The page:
Nightly News | March 17, 2014
>>> tonight russian flags are flying in the crimean pen minutes la following a controversial vote over the weekend. despite a wave of sanctions from the white house and european union today, many are wondering just how far russia might go. we'll hear from richard angle in crimea in just a moment. first we're joined by our chief foreign affairs correspondent andrea mitchell in our washington news room. andrea, good evening.
>> good evening. vladimir putin was defiant signing the decree recognizing crimea 's independence, ignoring economic sanctions today from the u.s. and europe. the russian president still strutting in the afterglow of the sochi games today awarding medals to the russian pair aolympians, seemingly unfazed by u.s. sanctions. as crimeans celebrated, u.s. officials tacitly acknowledged crimea is lost. so is a ukrainian natural gas plant nearby, taken over by russia in a helicopter assault this weekend. the white house 's new red line , any russian move into the rest of eastern ukraine .
>> further provocations will achieve nothing except to further isolate russia .
>> reporter: today the president froze american bank accounts and commerce with top russian officials, crimean separatists, including former president yanukovych. if russia moves into eastern ukraine the president approved tougher measures against russian arms industry and oligarchs.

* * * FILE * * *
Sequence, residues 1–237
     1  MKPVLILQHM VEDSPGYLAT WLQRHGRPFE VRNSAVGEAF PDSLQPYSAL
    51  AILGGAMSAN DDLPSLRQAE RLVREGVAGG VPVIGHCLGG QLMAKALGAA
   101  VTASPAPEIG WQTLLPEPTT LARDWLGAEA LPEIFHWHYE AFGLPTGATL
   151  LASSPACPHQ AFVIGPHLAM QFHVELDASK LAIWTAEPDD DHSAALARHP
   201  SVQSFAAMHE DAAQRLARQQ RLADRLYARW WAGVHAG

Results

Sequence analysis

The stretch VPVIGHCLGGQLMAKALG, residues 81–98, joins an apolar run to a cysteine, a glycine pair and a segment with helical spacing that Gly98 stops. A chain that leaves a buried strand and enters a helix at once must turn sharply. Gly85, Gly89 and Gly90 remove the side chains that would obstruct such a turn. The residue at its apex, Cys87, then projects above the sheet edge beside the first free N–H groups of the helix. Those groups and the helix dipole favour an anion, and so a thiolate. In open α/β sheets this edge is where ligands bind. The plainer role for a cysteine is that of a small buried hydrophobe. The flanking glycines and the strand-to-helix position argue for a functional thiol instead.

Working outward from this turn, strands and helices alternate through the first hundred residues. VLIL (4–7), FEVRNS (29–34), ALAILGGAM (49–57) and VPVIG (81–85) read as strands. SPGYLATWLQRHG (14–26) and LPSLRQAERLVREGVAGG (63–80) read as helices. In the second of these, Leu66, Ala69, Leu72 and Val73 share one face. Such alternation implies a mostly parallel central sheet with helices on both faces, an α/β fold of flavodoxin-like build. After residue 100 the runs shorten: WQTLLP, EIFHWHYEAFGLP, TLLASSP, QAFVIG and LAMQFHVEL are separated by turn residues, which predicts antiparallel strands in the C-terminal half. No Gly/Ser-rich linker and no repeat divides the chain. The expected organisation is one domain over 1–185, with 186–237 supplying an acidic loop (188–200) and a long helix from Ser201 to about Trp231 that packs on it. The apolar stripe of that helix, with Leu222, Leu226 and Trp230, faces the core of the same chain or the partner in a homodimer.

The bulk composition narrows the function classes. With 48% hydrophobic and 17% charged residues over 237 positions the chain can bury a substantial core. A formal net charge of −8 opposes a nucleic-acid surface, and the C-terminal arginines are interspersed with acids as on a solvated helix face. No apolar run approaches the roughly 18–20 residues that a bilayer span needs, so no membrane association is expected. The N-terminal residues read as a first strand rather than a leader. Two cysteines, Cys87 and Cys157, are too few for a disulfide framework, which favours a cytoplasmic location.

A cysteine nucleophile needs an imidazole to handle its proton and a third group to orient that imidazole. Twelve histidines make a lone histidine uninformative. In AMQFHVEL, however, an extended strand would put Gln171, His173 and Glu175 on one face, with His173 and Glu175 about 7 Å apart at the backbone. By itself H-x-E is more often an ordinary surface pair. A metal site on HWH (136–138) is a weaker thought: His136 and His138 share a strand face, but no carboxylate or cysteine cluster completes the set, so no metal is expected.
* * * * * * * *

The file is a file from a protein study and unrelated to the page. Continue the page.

>> we have tools available to us to really ratchet up the economic and financial cost on russia if we choose to do so.
>> reporter: on russia 's state tv, defiance against a mushroom cloud , the anchor said " russia is the only country in the world that is really able to turn the usa into radioactive ashes."
>> he works for the kremlin, there's no doubt about it. and i think it's important that the world now sees what has been on russian television for years.
>> reporter: and critics say putin won't respond to economic pressure, no matter how close it hits to home. andrea mitchell , nbc news, washington.
>>> this is richard angle in crimea where today they welcomed their new patron, russia .
>> reporter: those old enough to remember the soviet union celebrated the reunion with moscow. but the party here was decidedly one-sided. riot police out in force to make sure anyone opposed to moscow remained silent. there's no doubt the majority of people here are happy to join with putin's russia . but for the minority that doesn't want to, life just got a lot harder and maybe dangerous. hello.
>> nice to meet you.
>> reporter: at a theater popular with activists, the director galina told us pro-russian thugs threw stun grenades into the crowded theater three times. "they were attacking intellectuals, it's madness. many of my friends want to leave." 25-year-old diliara is packing tonight. three small suitcases. that's all she can carry with her. you're just going to close the door , lock it behind you, and go?
>> reporter: she's worried crimea under russia is becoming a police state .
>> i'm not here to live like this.
>> reporter: she fierce crimea has voted away its freedom. richard angle, nbc news, crimea .